Pulmonary Procedures |

A Case of Plastic Bronchitis in an Adult Following Cardiopulmonary Bypass Surgery FREE TO VIEW

Jason Lee, MD; Gaurav Singh, MD; Vibha Mohindra, MD; Weichia Chen, MD; Allison Friedenberg, MD
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Santa Clara Valley Medical Center, San Jose, CA

Chest. 2014;146(4_MeetingAbstracts):798A. doi:10.1378/chest.1994679
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SESSION TITLE: Bronchology/Interventional Procedures Student/Resident Cases

SESSION TYPE: Medical Student/Resident Case Report

PRESENTED ON: Tuesday, October 28, 2014 at 07:30 AM - 08:30 AM

INTRODUCTION: Plastic bronchitis is a rare respiratory condition seen in children with an underlying bronchial disease with mucus hypersecretion or a cardiac defect. The disease is characterized by marked airway obstruction due to formation of large gelatinous or rigid bronchial casts. Type I casts, which are composed of inflammatory cells and fibrin, are associated with pulmonary diseases with bronchial inflammation. Type II casts, which are acellular and composed mainly of mucin, are associated with congenital heart disease especially following surgical repair.

CASE PRESENTATION: A 54 year-old man without prior lung disease presented with angina, severe multi-vessel coronary artery disease, mitral regurgitation, and decompensated heart failure. Within hours of cardiopulmonary bypass surgery, he developed hypoxemic and hypercapnic respiratory failure with drastically elevated peak inspiratory pressures on mechanical ventilation. Chest x-ray revealed bilateral infiltrates. Airway inspection showed thick, rubbery, glue-like casts in the trachea and throughout the entire endobronchial tree, which could not be readily cleared by flexible bronchoscopy. Therefore, the patient underwent emergent extracorporeal membrane oxygenation and rigid bronchoscopy to remove the extensive plugs. Histology revealed proteinaceous and mucoid material with few inflammatory cells, consistent with type II plastic bronchitis. The patient subsequently required daily flexible bronchoscopy for a week to remove segmental and subsegmental plugs using forceps, brushes, and suctioning. He also received treatments with bronchodilators, N-acetylcysteine, Dornase Alfa, Budesonide, antibiotics, and intrapulmonary percussive ventilation. With these measures, the burden and viscosity of secretions declined, and the patient was successfully extubated.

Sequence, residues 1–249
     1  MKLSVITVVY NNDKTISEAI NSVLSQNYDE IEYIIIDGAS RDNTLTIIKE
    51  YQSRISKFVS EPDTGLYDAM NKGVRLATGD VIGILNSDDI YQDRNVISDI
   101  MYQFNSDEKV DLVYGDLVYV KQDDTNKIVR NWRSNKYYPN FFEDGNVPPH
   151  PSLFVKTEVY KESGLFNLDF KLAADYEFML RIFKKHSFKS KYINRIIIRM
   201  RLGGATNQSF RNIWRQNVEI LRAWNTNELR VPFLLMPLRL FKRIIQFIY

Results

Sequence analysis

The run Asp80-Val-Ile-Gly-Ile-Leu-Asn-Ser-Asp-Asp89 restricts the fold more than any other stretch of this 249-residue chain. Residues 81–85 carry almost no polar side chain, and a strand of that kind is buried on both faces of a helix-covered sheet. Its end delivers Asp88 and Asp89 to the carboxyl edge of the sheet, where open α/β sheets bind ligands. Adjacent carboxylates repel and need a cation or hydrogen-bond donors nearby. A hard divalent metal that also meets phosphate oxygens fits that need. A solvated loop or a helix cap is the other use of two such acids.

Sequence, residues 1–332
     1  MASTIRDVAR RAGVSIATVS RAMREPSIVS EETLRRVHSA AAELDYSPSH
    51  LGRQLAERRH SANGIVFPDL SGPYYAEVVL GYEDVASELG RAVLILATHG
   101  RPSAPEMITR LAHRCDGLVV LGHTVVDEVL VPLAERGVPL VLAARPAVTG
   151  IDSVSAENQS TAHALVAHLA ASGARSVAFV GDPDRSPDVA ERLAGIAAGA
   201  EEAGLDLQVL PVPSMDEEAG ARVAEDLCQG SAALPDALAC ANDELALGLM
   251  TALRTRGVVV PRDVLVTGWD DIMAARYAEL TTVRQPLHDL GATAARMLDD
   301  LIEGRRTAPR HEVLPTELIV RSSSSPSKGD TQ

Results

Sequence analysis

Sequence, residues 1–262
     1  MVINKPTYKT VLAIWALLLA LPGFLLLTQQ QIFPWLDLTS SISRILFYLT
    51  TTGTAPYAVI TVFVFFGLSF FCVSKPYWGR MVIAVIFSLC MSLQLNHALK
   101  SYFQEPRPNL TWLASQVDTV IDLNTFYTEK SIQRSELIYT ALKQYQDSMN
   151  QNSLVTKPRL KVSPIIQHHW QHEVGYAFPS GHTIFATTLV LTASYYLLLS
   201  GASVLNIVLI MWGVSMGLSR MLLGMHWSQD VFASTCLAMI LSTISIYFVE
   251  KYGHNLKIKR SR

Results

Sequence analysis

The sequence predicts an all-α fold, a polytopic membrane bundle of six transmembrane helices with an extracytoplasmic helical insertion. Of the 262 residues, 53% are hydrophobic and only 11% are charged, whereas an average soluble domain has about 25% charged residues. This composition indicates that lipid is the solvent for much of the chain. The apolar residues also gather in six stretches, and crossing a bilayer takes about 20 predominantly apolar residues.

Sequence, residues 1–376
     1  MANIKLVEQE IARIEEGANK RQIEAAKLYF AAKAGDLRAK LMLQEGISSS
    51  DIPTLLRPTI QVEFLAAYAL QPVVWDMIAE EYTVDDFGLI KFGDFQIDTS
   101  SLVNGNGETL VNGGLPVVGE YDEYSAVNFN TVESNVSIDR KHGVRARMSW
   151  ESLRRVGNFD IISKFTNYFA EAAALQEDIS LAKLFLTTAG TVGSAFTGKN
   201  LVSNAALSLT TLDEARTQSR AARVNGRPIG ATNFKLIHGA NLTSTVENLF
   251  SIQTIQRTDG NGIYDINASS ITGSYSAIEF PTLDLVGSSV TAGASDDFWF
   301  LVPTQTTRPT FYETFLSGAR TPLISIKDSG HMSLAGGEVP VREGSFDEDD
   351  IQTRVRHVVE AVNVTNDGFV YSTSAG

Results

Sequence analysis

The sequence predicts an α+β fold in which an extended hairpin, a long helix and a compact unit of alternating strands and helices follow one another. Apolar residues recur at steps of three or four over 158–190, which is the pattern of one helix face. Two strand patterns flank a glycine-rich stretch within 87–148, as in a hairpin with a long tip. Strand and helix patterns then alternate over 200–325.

DISCUSSION: Various treatments for plastic bronchitis have been described, but the mainstay of therapy is extraction of the thick mucus plugs. Commonly, the bronchial casts are too soft and friable to remove with forceps but too thick to suction. We describe a novel technique of twirling the casts around a cytology brush allowing for more effective, intact removal. Mucolytic agents also likely enhanced extraction of the casts.

CONCLUSIONS: Type II plastic bronchitis is rare and described mostly in children with congenital cardiac defects mainly following surgical repair. Plastic bronchitis is quite rare in adults, and this case likely has a similar underlying mechanism which resulted in life-threatening respiratory failure requiring significant bronchoscopic interventions.

Reference #1: Madsen P et al. Plastic bronchitis: new insights and a classification scheme. Paediatr Respir Rev. 2005 Dec;6(4):292-300

Reference #2: Eberlein MH et al. Plastic bronchitis: a management challenge. Am J Med Sci. 2008 Feb;335(2):163-9

Reference #3: Kunder R et al. Pediatric plastic bronchitis: case report and retrospective comparative analysis of epidemiology and pathology.Case Rep Pulmonol. 2013;2013:649365

DISCLOSURE: The following authors have nothing to disclose: Jason Lee, Gaurav Singh, Vibha Mohindra, Weichia Chen, Allison Friedenberg

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